I once had a contract to consult a small firm with an international presence. It had a help desk configured as “follow the sun”: where different teams are placed in geographically distributed locations, so customers can always interact with a real person in real time.
During off peak hours, the company relied on a multi-tenant call centre, where helpdesk staff attend queries from different companies. That call-centre team, considered low risk, had insufficient training to recognise data subject requests (DSARs) and put them in the system, and consequently multiple requests were routinely missed.
This situation is quite common for growing companies that focus on customer service and retention. They do as much as they can to provide round-the-clock support, which is something that happy customers really appreciate. The problem is: when things start going wrong and the customer gets annoyed and starts asking for their data to be deleted, this isn’t always picked up.
Contrary to popular belief, a DSAR does not have to be made in writing, it can also be made verbally. As if there was not enough complexity in covering different channels for requests made in writing, such as letter, email, web form, social media, etc. verbal requests are typically harder to log, trace, and analyse.
Verbal requests are typically harder to log, trace, and analyse.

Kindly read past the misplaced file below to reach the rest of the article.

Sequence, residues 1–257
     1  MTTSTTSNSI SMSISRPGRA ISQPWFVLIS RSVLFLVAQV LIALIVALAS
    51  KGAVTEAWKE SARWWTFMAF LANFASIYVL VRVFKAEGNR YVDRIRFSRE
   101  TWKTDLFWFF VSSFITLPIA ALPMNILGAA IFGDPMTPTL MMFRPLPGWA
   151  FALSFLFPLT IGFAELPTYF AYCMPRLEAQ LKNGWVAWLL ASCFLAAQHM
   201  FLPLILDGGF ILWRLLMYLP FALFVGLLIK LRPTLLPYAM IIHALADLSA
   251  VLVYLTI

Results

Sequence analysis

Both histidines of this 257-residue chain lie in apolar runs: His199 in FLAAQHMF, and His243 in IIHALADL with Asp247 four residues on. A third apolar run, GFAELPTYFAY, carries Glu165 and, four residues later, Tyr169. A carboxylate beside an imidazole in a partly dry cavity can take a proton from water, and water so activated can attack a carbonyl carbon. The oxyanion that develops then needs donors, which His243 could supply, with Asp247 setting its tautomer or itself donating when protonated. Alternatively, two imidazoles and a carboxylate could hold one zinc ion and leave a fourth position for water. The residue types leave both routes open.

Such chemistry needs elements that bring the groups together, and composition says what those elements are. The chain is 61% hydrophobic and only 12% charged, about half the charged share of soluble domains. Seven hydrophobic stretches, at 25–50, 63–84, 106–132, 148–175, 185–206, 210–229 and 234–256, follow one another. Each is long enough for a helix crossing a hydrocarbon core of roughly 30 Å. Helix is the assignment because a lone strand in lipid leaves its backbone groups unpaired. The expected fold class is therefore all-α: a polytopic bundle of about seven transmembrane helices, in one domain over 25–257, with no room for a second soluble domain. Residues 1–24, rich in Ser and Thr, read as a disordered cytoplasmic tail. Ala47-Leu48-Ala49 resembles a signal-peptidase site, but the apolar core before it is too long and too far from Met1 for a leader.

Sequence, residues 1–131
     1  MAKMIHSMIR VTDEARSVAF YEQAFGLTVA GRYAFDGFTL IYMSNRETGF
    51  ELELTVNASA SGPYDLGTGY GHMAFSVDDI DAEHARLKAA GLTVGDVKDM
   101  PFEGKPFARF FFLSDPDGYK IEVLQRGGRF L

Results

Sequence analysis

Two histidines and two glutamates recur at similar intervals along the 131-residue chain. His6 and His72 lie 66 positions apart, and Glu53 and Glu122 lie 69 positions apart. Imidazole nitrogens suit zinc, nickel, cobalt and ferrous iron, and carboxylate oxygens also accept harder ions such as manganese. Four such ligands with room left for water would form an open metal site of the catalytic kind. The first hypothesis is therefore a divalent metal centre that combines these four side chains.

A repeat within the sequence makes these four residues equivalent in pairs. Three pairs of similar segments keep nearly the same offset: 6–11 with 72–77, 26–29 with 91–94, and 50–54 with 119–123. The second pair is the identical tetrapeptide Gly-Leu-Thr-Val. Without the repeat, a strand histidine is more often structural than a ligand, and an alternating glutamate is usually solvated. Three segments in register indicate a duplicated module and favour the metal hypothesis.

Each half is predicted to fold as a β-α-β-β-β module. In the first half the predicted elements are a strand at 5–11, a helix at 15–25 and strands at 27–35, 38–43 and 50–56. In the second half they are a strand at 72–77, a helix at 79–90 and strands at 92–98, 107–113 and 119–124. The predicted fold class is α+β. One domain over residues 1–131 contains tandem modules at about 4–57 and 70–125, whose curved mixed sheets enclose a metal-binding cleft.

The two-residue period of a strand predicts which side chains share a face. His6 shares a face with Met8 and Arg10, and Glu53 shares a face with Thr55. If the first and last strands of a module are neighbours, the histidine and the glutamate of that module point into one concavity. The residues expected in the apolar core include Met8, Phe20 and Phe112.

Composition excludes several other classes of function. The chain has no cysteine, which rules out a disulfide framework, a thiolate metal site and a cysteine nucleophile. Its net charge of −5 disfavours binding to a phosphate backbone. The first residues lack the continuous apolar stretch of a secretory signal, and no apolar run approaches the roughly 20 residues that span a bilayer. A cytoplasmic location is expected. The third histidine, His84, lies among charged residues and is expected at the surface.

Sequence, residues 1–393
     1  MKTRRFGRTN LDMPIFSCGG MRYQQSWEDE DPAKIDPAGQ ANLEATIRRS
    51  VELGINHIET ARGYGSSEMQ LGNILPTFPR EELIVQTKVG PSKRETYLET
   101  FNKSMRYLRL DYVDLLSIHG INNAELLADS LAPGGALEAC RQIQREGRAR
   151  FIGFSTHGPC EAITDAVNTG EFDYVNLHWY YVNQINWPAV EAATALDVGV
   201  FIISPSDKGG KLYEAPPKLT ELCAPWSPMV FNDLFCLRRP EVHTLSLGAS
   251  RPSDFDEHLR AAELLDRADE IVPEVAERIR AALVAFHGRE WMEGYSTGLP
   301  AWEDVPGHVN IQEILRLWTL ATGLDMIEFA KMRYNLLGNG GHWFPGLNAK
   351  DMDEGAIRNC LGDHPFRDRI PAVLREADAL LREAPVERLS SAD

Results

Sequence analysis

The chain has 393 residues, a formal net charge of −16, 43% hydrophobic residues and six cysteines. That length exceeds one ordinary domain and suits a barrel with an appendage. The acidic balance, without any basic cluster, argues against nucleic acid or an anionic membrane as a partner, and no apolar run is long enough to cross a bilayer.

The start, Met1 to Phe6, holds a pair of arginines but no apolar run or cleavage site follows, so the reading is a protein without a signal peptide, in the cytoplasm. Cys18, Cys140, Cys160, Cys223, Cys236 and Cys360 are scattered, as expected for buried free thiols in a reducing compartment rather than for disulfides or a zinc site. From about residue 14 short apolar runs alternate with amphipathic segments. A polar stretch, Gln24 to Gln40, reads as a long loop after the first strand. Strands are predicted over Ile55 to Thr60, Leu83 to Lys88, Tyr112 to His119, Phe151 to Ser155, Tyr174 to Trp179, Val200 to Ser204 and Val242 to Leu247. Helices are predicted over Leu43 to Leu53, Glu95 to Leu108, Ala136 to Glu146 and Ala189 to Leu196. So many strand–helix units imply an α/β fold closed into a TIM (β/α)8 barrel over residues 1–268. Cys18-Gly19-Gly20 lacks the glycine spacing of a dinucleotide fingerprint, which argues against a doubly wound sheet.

When a privacy training programme was eventually launched in the small, international firm and the team became well equipped to recognise DSARs, the company found itself in trouble. Staff now had to deal with a heavy workload and short deadlines.
The moral of the story is not to leave any gaps in how you tackle DSARs.
While it is a good first step to provide logical ways for data subjects to make requests, this needs to be combined with coverage of all entry points. You need to anticipate incoming requests from virtually anywhere where there is interaction with customers.
In practice, an organisation can have all of the measures it deems “logical” in place, only for customers to bypass them altogether. This “irrationality” of customer behaviour is a well known phenomena in the world of economics, and seems to be characteristic of our very human nature.
In short, no matter how much organisations try to signpost and orient customers’ actions, consumer behaviour is not always predictable. For DSARs, this means you could miss the deadline of fulfilling the request within one calendar month, and that can be escalated by the customer, ending up in an enforcement notice issued by your local data protection authority (DPA).
Reaching this stage can put your organisation under stress by being in the DPA’s spotlight, especially given that not complying with the enforcement notice is a criminal offence.
To ensure no DSAR goes unrecognised, a three-pronged approach can be adopted to avoid blind spots in your customer-based perimeter and ensure requests are detected, collected, and dealt with:
Have administrative processes in place, with a well-designed workflow.